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Fri Nov 6, 2020, 07:55 AM

Cataract lens.. improve night vision? Glare?

Starting to have trouble night driving with oncoming headlight glare.

15 replies, 967 views

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Arrow 15 replies Author Time Post
Reply Cataract lens.. improve night vision? Glare? (Original post)
3Hotdogs Nov 6 OP
WheelWalker Nov 6 #1
marybourg Nov 6 #2
RicROC Nov 6 #3
RicROC Nov 6 #4
Canoe52 Nov 6 #7
RicROC Nov 6 #8
Canoe52 Nov 6 #9
RicROC Nov 6 #10
Canoe52 Nov 6 #11
trof Dec 4 #15
Missn-Hitch Nov 6 #5
Wounded Bear Nov 6 #6
PoindexterOglethorpe Nov 7 #12
3Hotdogs Nov 7 #13
trof Nov 12 #14

Response to 3Hotdogs (Original post)

Fri Nov 6, 2020, 07:57 AM

1. Yep. That's it.

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Response to 3Hotdogs (Original post)

Fri Nov 6, 2020, 07:57 AM

2. With your cataract lenses?

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Response to 3Hotdogs (Original post)

Fri Nov 6, 2020, 07:58 AM

3. yes,

Trouble with glare could be a sign of cataracts, especially glare coming from headlights. Time for you to make an appointment with an eye doctor (Optometrist or Ophthalmologist) so that they can view your eyes with a microscope.

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Response to 3Hotdogs (Original post)

Fri Nov 6, 2020, 08:01 AM

4. then again....

if you already have had cataract surgery, have intraocular lenses installed, there is a phenomenon where 20% of the patients have debris from inside the eye that sticks onto the lens. It acts like a cataract but is not a regrowth of a cataract. Your surgeon can use a laser to zap it....takes 20 seconds.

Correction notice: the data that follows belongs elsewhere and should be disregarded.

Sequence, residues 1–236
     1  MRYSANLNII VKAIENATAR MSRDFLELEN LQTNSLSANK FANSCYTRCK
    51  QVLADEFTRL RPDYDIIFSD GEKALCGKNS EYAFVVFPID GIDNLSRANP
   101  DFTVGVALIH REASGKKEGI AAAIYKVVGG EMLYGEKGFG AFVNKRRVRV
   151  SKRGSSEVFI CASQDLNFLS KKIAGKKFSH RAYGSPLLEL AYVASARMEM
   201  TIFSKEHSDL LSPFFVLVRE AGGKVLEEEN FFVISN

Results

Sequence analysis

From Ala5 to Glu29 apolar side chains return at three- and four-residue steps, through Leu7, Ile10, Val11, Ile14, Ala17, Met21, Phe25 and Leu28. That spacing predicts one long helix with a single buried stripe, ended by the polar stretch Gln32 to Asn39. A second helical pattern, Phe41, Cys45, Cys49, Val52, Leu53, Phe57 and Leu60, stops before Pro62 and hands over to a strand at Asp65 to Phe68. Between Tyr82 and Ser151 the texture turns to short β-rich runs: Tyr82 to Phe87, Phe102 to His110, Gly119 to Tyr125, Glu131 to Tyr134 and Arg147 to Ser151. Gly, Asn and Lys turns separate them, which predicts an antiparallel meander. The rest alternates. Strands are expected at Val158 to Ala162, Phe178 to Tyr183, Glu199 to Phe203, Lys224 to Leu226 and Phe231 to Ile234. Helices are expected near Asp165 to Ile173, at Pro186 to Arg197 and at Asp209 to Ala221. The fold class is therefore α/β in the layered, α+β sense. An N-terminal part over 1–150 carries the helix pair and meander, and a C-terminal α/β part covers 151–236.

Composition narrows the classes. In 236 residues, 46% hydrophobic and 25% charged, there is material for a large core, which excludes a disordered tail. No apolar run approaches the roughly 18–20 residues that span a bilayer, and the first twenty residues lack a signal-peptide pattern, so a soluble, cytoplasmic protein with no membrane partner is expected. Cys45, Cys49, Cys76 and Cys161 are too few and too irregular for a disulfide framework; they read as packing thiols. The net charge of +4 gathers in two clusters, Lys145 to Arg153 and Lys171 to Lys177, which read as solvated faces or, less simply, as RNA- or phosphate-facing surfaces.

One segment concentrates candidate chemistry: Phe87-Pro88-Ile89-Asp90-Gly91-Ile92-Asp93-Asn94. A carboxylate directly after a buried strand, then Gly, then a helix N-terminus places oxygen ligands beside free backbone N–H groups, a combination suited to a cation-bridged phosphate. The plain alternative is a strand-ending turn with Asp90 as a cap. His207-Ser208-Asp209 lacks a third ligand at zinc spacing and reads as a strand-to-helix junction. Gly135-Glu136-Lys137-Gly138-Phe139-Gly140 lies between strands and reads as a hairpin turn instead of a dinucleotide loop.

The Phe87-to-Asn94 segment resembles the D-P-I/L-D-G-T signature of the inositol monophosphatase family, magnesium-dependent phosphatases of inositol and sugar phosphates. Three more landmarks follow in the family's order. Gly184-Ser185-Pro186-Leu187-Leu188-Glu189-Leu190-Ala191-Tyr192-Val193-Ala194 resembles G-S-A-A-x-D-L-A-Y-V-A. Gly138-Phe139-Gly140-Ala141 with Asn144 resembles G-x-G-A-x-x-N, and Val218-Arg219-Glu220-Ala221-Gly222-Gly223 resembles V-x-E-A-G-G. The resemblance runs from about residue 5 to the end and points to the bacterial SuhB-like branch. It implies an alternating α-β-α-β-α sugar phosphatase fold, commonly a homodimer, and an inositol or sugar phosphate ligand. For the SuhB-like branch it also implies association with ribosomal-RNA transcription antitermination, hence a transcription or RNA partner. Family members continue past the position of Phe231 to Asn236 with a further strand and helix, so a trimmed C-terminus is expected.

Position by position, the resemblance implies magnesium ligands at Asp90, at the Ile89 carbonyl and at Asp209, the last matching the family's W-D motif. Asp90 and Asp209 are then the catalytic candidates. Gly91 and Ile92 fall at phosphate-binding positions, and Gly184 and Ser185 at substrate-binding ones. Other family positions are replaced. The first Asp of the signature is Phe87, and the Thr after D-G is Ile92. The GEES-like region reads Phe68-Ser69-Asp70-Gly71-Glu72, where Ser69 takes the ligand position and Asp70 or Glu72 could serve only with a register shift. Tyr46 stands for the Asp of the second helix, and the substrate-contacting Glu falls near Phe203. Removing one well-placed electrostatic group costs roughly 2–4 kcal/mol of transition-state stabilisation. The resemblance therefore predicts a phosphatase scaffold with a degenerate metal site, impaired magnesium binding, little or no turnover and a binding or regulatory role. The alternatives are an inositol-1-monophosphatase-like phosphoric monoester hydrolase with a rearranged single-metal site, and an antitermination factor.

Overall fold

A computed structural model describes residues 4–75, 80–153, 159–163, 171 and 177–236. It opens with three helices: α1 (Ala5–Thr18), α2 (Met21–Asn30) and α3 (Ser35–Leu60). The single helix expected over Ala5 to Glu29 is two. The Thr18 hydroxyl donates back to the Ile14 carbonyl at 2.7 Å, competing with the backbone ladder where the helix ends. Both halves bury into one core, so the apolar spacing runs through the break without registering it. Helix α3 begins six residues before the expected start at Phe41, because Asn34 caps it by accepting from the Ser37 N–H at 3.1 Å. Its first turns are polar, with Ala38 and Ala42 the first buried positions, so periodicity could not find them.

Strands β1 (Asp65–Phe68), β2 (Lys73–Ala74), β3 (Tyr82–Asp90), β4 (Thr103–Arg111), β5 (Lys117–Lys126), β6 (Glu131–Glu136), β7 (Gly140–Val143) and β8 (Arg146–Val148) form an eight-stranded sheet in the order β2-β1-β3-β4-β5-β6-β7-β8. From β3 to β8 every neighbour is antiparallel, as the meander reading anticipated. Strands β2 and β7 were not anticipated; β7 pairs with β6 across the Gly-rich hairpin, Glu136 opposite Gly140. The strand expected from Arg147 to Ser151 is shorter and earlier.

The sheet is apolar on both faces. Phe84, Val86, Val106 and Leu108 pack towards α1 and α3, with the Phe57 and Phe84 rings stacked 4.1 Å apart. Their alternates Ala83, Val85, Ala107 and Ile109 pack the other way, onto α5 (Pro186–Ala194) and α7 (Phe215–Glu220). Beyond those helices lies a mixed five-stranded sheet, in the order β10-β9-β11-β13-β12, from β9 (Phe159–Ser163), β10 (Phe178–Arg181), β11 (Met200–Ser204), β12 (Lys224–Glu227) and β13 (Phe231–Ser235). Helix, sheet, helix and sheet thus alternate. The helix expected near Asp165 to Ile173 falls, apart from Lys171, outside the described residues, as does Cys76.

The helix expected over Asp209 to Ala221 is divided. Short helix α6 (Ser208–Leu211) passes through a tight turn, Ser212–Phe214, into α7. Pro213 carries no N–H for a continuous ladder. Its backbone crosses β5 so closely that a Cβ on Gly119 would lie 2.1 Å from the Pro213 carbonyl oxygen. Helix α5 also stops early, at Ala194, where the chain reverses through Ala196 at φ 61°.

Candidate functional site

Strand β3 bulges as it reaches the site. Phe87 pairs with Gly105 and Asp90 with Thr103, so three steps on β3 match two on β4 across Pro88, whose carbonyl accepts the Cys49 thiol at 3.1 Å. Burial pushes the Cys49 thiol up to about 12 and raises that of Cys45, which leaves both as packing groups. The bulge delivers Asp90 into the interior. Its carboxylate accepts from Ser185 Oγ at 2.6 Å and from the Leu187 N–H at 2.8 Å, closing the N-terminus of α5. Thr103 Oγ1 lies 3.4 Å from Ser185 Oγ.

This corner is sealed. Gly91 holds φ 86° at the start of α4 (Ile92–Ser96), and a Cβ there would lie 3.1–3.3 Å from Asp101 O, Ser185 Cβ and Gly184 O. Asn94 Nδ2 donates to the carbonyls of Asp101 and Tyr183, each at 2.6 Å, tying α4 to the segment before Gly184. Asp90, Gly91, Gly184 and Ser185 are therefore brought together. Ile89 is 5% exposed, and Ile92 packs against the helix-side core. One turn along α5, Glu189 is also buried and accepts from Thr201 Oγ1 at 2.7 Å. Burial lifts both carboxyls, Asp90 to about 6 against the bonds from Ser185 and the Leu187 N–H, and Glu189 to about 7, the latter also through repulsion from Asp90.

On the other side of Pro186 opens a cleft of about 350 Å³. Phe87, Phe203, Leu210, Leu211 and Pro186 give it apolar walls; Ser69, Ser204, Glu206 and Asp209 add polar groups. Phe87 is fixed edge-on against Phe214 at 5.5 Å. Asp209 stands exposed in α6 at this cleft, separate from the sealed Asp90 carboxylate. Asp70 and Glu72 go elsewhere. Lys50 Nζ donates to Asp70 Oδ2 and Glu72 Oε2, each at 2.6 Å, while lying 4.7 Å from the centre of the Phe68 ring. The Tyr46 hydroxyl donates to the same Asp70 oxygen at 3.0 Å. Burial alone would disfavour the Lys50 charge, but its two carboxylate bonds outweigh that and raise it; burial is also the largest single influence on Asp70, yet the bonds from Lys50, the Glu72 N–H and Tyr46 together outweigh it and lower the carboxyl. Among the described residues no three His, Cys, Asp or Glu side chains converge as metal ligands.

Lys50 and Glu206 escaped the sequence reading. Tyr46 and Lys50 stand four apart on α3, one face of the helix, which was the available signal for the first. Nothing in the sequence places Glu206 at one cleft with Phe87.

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Response to RicROC (Reply #4)

Fri Nov 6, 2020, 10:22 AM

7. Happened to my wife, horrible glare at night and on sunny days. She went to 4 different eye doctors

over a six year time span, first three didnít have a clue, the fourth one diagnosed it and sent her to a specialist that knew how to fix it.

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Response to Canoe52 (Reply #7)

Fri Nov 6, 2020, 10:50 AM

8. diagnosis?

Is it improper for me to ask what the diagnosis was?

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Response to RicROC (Reply #8)

Fri Nov 6, 2020, 12:41 PM

9. She was just told in the same words you used above. Had a Jag laser procedure to correct.

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Response to Canoe52 (Reply #9)

Fri Nov 6, 2020, 02:01 PM

10. Thank you!

Thank you for that explanation. And I'm probably disgusted like you are about the incompetence of the other doctors. Don't they know how to use a Biomicroscope?

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Response to RicROC (Reply #10)

Fri Nov 6, 2020, 03:14 PM

11. It was frustrating and debilitating too, sapped her energy, wasn't her usual cheerful self.

Then we moved and got a new Doc and he figured it out right off.

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Response to RicROC (Reply #4)

Fri Dec 4, 2020, 07:24 PM

15. Yeah, I had that. Both eyes.

Didn't make night driving any better.
Doesn't matter, I can no longer see well enough to drive safely.
Quit about 6 months ago.
I don't mind being 'driven'

And Miz t. likes to drive and is still good at it.
i'm 79, She's 76.

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Response to 3Hotdogs (Original post)

Fri Nov 6, 2020, 09:18 AM

5. Be sure to complain about the "night driving" and "glare".

If your vision is correctable to 20/30 or better, your insurance may not go for surgery.

When you have your exam, be sure to say "this night driving and glare is interfering with my daily activities".

Cheers!

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Response to 3Hotdogs (Original post)

Fri Nov 6, 2020, 09:22 AM

6. Can't say that I've had that problem...